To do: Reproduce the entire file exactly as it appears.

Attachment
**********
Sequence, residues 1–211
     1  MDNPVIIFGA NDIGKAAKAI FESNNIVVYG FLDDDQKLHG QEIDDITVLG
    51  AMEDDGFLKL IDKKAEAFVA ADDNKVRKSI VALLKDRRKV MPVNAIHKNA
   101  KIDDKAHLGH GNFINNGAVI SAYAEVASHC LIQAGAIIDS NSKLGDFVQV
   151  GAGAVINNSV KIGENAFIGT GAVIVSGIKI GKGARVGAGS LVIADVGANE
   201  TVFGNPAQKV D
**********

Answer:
Sequence, residues 1–211
     1  MDNPVIIFGA NDIGKAAKAI FESNNIVVYG FLDDDQKLHG QEIDDITVLG
    51  AMEDDGFLKL IDKKAEAFVA ADDNKVRKSI VALLKDRRKV MPVNAIHKNA
   101  KIDDKAHLGH GNFINNGAVI SAYAEVASHC LIQAGAIIDS NSKLGDFVQV
   151  GAGAVINNSV KIGENAFIGT GAVIVSGIKI GKGARVGAGS LVIADVGANE
   201  TVFGNPAQKV D